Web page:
Two-year-old Stanley crane Alice seems to enjoy participating in daily demonstrations with keepers and Zoo visitors. But how does she really feel about these interactions? To get inside Alice's head, Bird House curator Sara Hallager and keeper Debi Talbott teamed up with Smithsonian Conservation Biology Institute biologist Janine Brown to study her hormones. Learn how they solved the mystery in this science Q&A.
Why did you choose Alice for this study?
Alice's situation is a unique one. Her sibling hatched first, and their parents devoted all of their attention to her sibling. Keepers placed the abandoned egg in an incubator, and Alice hatched July 7, 2014. Her parents would reject her if we put her in their enclosure, so hand-raising Alice was her only chance for survival.
When cranes are raised by humans, they tend to imprint—or socially bond—with the people that care for them. It's apparent that Alice views us as her family. To greet us, she'll "dance"—jump up and flap her wings—and follow us around her yard as we clean and place enrichment items and food for her to find. Before she participates in the demonstration, we let her get this excited energy out of her system. By the time visitors meet Alice, she is calm and usually stands still or searches for food items that we've scattered about.
Behaviorally, Alice gave every impression that she didn't mind (and even enjoyed) participating in these demonstrations. We had two questions that we wanted to answer. The first was: is Alice showing any signs of stress when she participates in a demonstration? The second was: Because she enjoys being around people, does she show signs of stress on days when she is not participating in a demonstration?
To answer those questions, we collaborated with Dr. Janine Brown and the Smithsonian Conservation Biology Institute's endocrine lab to test Alice's cortisol (stress hormone "glucocorticoid") levels.
How do you test for stress hormones?
Hormones exit the body in a variety of ways, including in blood, urine, and feces. Studying poop is a great, non-invasive way of finding out what's taking place inside an animal's body. By using feces, we get a more accurate reflection of her normal, or baseline, hormone levels. If we had used a blood sample, on the other hand, the act of catching her and obtaining that sample could elicit a stress response. So, by using a fecal sample, Alice was calm, her hormones were at baseline, and she was none the wiser that we were taking a peek at her hormones.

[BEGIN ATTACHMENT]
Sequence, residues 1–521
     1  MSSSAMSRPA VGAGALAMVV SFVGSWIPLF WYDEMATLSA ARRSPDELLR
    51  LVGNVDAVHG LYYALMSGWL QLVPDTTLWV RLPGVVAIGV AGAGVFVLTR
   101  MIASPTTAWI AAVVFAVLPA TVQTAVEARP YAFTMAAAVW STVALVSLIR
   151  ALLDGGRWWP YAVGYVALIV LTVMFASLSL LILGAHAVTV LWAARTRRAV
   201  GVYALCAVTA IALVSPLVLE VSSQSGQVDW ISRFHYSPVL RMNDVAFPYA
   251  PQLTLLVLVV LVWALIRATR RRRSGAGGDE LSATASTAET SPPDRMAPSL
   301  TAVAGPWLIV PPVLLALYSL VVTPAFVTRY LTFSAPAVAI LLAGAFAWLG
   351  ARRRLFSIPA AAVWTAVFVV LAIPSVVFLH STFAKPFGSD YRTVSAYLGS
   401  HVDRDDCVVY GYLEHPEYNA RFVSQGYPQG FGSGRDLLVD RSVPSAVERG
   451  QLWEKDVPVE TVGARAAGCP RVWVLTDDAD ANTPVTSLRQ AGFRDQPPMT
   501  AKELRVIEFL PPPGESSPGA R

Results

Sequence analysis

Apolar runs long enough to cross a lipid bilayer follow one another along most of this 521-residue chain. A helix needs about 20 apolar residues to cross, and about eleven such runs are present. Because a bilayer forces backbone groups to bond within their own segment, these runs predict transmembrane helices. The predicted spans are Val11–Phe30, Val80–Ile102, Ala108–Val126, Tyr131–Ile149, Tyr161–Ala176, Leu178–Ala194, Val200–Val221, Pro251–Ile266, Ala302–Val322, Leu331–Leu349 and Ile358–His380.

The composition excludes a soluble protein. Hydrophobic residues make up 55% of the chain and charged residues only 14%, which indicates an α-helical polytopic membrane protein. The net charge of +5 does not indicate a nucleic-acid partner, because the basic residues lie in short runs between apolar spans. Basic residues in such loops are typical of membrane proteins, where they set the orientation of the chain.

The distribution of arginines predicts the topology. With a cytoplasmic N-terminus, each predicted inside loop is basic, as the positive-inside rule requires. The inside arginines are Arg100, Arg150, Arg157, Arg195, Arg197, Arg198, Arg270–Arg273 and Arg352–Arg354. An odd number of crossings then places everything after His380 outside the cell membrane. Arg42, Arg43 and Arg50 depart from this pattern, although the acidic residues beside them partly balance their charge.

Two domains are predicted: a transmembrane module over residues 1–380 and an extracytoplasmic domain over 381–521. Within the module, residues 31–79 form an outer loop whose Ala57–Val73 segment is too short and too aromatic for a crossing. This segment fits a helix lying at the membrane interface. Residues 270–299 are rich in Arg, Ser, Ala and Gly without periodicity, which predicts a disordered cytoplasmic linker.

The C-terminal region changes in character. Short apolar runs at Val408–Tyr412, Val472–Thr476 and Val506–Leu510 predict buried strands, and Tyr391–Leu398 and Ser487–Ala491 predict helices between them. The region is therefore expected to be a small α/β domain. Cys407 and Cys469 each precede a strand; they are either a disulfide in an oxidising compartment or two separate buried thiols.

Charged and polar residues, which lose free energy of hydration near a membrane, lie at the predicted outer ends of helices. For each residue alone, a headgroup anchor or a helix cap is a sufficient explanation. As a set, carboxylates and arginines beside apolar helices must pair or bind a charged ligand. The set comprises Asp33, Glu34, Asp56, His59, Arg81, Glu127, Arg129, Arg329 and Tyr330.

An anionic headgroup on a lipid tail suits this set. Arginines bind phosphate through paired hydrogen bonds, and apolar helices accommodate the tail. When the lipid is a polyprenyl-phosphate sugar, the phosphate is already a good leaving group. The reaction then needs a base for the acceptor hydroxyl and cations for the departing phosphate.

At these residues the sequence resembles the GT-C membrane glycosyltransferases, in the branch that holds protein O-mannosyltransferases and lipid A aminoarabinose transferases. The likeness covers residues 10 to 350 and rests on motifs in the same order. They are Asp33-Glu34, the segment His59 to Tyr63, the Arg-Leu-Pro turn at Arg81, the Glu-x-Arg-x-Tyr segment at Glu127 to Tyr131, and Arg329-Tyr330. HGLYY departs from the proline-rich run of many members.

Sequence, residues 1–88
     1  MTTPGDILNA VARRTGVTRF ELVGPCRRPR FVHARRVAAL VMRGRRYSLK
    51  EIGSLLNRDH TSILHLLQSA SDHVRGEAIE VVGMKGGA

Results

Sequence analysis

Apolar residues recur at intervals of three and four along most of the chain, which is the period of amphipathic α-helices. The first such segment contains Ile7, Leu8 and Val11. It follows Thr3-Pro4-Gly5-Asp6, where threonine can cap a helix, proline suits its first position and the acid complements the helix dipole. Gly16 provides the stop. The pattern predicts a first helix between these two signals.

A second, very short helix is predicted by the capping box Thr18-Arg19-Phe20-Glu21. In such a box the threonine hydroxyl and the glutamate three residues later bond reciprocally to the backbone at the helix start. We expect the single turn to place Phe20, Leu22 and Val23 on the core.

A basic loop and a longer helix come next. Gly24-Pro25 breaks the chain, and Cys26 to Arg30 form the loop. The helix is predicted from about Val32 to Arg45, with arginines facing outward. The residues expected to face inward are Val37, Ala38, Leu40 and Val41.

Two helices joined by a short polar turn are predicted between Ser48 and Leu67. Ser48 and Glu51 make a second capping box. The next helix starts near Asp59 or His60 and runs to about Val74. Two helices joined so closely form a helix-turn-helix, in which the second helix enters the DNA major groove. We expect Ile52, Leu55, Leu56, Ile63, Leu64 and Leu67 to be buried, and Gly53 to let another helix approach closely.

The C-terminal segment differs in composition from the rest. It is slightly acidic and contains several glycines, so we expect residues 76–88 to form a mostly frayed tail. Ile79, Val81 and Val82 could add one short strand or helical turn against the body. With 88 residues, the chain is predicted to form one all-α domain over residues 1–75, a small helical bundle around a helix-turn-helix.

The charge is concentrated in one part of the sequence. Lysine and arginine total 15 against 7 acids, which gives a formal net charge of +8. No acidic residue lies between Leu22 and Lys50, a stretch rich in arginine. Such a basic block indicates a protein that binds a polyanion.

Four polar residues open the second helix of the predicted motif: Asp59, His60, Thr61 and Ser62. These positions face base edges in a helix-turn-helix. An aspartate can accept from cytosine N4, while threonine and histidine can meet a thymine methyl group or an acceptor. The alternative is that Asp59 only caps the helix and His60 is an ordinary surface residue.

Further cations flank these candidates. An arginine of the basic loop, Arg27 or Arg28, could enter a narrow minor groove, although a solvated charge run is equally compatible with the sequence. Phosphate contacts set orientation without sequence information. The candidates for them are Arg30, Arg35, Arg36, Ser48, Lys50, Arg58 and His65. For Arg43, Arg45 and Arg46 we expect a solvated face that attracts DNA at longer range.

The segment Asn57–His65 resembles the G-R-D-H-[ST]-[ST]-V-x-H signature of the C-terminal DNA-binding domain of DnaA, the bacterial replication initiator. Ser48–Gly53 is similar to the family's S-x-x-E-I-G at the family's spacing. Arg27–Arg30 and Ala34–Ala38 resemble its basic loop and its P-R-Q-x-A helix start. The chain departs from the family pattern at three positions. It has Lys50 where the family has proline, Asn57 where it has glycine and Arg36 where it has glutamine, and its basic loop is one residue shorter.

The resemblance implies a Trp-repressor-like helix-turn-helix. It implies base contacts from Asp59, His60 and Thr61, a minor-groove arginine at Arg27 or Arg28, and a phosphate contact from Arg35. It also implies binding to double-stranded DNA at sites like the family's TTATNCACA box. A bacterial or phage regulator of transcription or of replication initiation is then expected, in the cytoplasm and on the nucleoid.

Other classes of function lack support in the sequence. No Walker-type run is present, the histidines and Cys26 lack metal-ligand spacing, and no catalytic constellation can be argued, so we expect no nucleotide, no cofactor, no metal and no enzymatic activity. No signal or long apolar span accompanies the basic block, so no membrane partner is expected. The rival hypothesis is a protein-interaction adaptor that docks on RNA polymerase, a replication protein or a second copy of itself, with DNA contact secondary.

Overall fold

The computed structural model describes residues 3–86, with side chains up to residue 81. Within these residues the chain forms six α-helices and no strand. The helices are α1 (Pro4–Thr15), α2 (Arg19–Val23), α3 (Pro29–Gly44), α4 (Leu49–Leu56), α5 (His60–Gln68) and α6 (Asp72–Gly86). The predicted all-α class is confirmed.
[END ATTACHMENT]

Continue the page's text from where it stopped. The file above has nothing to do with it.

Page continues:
From June 1 to July 31, 2015, keepers collected two fecal samples each day: once in the morning, and once in the afternoon. In most animals, cortisol is produced in a diurnal fashion. Levels tend to be higher in the morning as an animal wakes up and begins its normal routine. Then, as the day progresses, cortisol levels decline. Potentially, Alice could show different cortisol values in the morning versus the afternoon.
What were the results?
We determined that both questions had the same answer: Alice was not stressed during demonstrations, and she also wasn't stressed on days when no demonstrations took place. Since she didn't have an overt stress response one way or the other, it appears that her hormones are very stable all around.
What happens next?
We have evidence now that Alice is not stressed by these demonstrations. But, she's still a fairly young bird. Her attitude and cortisol levels could change as she becomes sexually mature. So, for the moment, we will continue her meet-and-greet with Zoo visitors. However, animal welfare comes first. We want to ensure that if she shows any behavioral or hormonal signs that she's no longer comfortable around people that we change our management style.
Will other zoo animals participate in a similar study?
One of the most exciting things about this study is that we're the first to collect hormone data on Stanley cranes as a species. There aren't many studies that show how the impact of participating in a demonstration affects animals. It may be that some animals do really well and thrive in an atmosphere when they're around people. With other animals, that may not be the case.
Starting soon, we'll evaluate the hormones in Alice's parents and siblings quarterly. We will be able to monitor stress hormone levels as animals age; for seasonal and/or weather-related changes; throughout the process of breeding, incubating eggs, and raising chicks; during transport to new facilities; and during quarantine.
Evaluating Alice's family will help us get a baseline on the species as a whole. We'll also be able to see where Alice fits in compared to her family. Ultimately, we want to create a database of hormonal norms for the Stanley cranes and use that information to contribute to improvements in husbandry and reproduction.
This story appears in the March 2016 issue of National Zoo News. Want animal tales delivered straight to your inbox? Sign up for the e-newsletter here.